Every December as the end of the old year approaches and the new year is about to begin, there’s a huge focus on resolutions.
They range from the simple – I will be a kinder person and volunteer more – to the complex – I will change a negative behaviour like quitting smoking/drinking or take on a positive behaviour like eating better or exercising more.
The reality is that by the end of January, many of those good intentions fall by the wayside. Sometimes it is from your own doing: maybe you didn’t plan, maybe your resolution was too big, or perhaps you lost your momentum.
Sometimes it comes from others: they aren’t supportive or they don’t believe in you. I’m looking at you long-time gym members who make snide comments about the January newbies.
However, my main problem is that resolutions often feel rooted in believing there is something wrong with you. I recently came across a New Yorker cartoon with a fluffy cat admiring itself in a mirror saying to its reflection: “New Year’s resolution – stay this good-looking.”
I like that approach of assuming you are already a good human and you want to find ways of maintaining your goodness. And really, there’s nothing wrong with wanting to improve – the Japanese have a great approach called kaizen that focuses on improvement by making good things better, applying efficiency, removing waste, and implementing standardization.
Sometimes it feels like changing stuff at work is easier than changing ourselves. However we can change our mindset about how we want to approach making changes in our lives when it comes to activity. Some of us will schedule the time in our calendar and protecting that time so other priorities don’t take it over. In fact, I wrote about using that approach to make fitness a priority in my schedule here back in December 2019.
That worked well for me, but I wanted to do more. How to make physical activity stick and incorporate it as a daily thing and not just a workout in the gym thing? Well, a year later I took on BJ Fogg’s Tiny Habits approach to attach activity to an already established habit. I wrote about Fogg’s key principles here.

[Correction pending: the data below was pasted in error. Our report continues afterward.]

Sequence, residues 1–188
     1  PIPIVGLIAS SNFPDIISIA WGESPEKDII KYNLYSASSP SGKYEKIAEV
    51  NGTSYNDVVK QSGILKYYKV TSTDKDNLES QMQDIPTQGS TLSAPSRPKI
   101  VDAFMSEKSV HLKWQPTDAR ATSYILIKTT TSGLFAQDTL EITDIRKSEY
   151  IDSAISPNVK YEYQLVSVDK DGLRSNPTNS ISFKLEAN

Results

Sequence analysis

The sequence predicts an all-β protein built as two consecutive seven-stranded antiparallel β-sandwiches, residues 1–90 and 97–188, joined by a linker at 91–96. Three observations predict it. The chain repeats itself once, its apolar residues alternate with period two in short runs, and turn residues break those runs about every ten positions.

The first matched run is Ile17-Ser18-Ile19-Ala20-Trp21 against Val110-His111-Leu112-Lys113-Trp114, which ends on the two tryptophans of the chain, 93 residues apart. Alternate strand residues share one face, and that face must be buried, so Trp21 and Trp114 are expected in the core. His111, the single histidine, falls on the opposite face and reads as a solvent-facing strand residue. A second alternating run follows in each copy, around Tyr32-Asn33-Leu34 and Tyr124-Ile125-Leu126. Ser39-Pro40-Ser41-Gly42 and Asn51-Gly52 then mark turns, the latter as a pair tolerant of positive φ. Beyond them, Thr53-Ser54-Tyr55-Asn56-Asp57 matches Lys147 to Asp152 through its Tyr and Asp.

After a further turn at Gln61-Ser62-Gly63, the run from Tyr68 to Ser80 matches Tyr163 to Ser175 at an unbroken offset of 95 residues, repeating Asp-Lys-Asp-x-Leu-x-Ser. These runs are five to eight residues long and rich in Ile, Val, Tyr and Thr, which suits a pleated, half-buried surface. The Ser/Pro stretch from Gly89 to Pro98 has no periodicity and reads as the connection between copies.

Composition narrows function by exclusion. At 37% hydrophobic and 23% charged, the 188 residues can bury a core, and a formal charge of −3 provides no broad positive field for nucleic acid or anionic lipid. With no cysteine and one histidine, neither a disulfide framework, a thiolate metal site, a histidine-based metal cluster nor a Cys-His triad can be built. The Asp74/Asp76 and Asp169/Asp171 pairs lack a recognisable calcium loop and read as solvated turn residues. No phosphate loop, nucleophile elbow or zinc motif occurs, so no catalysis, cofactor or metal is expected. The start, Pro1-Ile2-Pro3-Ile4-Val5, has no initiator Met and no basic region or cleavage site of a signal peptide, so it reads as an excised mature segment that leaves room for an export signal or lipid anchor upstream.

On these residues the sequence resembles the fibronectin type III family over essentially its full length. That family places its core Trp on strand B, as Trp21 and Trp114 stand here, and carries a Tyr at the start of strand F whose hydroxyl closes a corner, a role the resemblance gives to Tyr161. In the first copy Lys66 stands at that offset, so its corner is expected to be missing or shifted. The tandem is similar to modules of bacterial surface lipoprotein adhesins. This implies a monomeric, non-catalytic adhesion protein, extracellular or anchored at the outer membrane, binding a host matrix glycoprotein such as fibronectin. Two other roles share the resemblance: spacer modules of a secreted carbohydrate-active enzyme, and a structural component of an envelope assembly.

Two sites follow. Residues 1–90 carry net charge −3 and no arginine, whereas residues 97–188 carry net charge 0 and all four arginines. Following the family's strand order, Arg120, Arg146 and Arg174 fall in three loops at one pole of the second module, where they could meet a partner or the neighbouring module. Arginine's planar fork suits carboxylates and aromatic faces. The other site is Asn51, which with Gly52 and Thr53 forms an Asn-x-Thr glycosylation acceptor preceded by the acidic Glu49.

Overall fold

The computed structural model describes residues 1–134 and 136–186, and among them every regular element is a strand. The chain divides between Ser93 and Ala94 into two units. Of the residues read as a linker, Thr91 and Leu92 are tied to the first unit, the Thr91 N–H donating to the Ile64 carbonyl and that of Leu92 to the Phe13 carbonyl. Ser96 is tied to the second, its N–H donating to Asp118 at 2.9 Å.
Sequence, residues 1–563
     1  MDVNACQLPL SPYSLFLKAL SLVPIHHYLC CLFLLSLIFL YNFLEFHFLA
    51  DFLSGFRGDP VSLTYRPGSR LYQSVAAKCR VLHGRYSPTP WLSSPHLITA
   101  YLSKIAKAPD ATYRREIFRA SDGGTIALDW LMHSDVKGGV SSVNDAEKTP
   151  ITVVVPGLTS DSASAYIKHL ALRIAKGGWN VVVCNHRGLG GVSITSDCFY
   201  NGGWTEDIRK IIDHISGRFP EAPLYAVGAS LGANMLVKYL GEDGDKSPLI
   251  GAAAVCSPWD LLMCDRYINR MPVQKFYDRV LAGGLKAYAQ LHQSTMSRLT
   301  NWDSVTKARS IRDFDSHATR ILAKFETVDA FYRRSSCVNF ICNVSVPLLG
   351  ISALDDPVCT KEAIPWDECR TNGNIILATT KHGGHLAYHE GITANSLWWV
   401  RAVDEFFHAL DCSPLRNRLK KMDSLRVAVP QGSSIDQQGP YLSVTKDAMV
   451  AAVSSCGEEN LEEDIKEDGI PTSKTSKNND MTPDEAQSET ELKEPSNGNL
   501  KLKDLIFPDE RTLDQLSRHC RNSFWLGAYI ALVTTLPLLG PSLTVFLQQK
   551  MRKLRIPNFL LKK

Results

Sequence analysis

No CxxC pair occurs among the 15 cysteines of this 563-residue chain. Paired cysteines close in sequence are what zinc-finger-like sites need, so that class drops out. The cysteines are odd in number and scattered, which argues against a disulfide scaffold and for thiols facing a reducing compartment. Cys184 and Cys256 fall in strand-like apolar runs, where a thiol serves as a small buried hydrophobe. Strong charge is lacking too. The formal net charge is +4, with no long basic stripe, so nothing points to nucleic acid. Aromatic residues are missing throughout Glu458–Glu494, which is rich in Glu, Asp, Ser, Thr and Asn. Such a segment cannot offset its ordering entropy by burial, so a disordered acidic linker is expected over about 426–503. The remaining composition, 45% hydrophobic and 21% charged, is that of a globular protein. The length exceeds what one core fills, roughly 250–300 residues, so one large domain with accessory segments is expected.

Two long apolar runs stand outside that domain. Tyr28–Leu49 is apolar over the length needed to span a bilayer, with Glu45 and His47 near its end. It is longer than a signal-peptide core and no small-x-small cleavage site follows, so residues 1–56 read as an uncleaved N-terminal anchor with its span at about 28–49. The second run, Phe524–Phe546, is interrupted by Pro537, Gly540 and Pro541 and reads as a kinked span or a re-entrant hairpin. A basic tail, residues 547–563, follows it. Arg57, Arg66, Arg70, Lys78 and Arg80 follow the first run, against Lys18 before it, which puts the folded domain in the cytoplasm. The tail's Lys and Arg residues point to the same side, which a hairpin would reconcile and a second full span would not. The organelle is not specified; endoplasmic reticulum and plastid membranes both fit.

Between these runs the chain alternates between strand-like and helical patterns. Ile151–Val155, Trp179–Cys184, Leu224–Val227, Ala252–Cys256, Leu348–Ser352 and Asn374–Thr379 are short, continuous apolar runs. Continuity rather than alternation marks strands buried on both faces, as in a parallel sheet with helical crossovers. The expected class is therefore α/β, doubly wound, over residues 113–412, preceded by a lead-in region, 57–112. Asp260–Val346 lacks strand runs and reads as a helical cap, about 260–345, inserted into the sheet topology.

For example, I need to strengthen my leg muscles to manage my grumpy knee. How to remember to do that every morning? I “attached” a specific exercise to my morning toothbrushing. I always brush my teeth and by associating the step exercise with that habit, I remember to do it.
Practice makes perfect my teachers said. I remember a pottery teacher telling us we had to make a 100 of anything before we could master a form. It’s true that my tenth plate was better than my first, and my 100th was stellar compared to the tenth, fiftieth or even ninetieth.
The same with fitness. The Running Room’s learn to run program, for example, works on the increasing running time and decreasing walking time. When I first started powerlifting, I didn’t rush to the rack and start flinging weights around.
In fact, I didn’t even start with weights but practiced a series of exercises with repetitions that built strength before I even looked at plates. As it was, my first squats and deadlifts weren’t great, but over time, I increased the amount of weight I could squat or lift and my form steadily improved.
I wrote about the impact of small changes contributing to gains here. Looking back on all these posts, I can see that in the last four years, I have not just maintained a fitness practice, I have started thinking strategically about what I do, how I do it, when I do it, and why. The practice of fitness is not just about acquiring skill and competence (something that is critical to injury prevention) it’s about cultivating the habit of discipline.
If you are embarking on a fitness journey as part of making changes in this new year, tbink about building in and valuing the small steps you make to be an even nicer version of yourself.
Here are some of the things I have learned in the ten years since I first decided I needed to make changes in my life.
- Be realistic about the goals you want to achieve. Not sure what’s feasible? Talk to a trainer or expert in the activity you want to take on. I like yoga, but I know there are some moves I need to do differently and consistently before I can try others. Not being realistic about how bendy I am would have let me at risk for injury.
- Become a creature of habit when it comes to making space for fitness every day. Pick a spot for your gear (really, do this) so you can find and get ready without fuss or panic.
- Keep an eye on your attitude. Avoid procrastinating. Like the ad says, just do it. If you don’t want to go for your hour long walk, then go for 30 minutes. Go even just for five minutes.
- Be positive. A friend tells herself the following every time she goes for a run: I am. I can. I will. I do. Erase negative self talk and replace it with something that fosters confidence in yourself. And if you can’t do that, remember there’s a little potato that believes in you.
- Celebrate your successes, even the tiny ones. Stuff happens. Don’t beat yourself up about it. Give yourself a high five for making it through. Only got five workouts instead of the seven – yay you! That’s five more than doing none for the week. Reach an important target? Reward yourself. Because you are freaking awesome!
Happy New year everyone!
— MarthaFitat55 is embracing all the challenges and exploring all the ideas.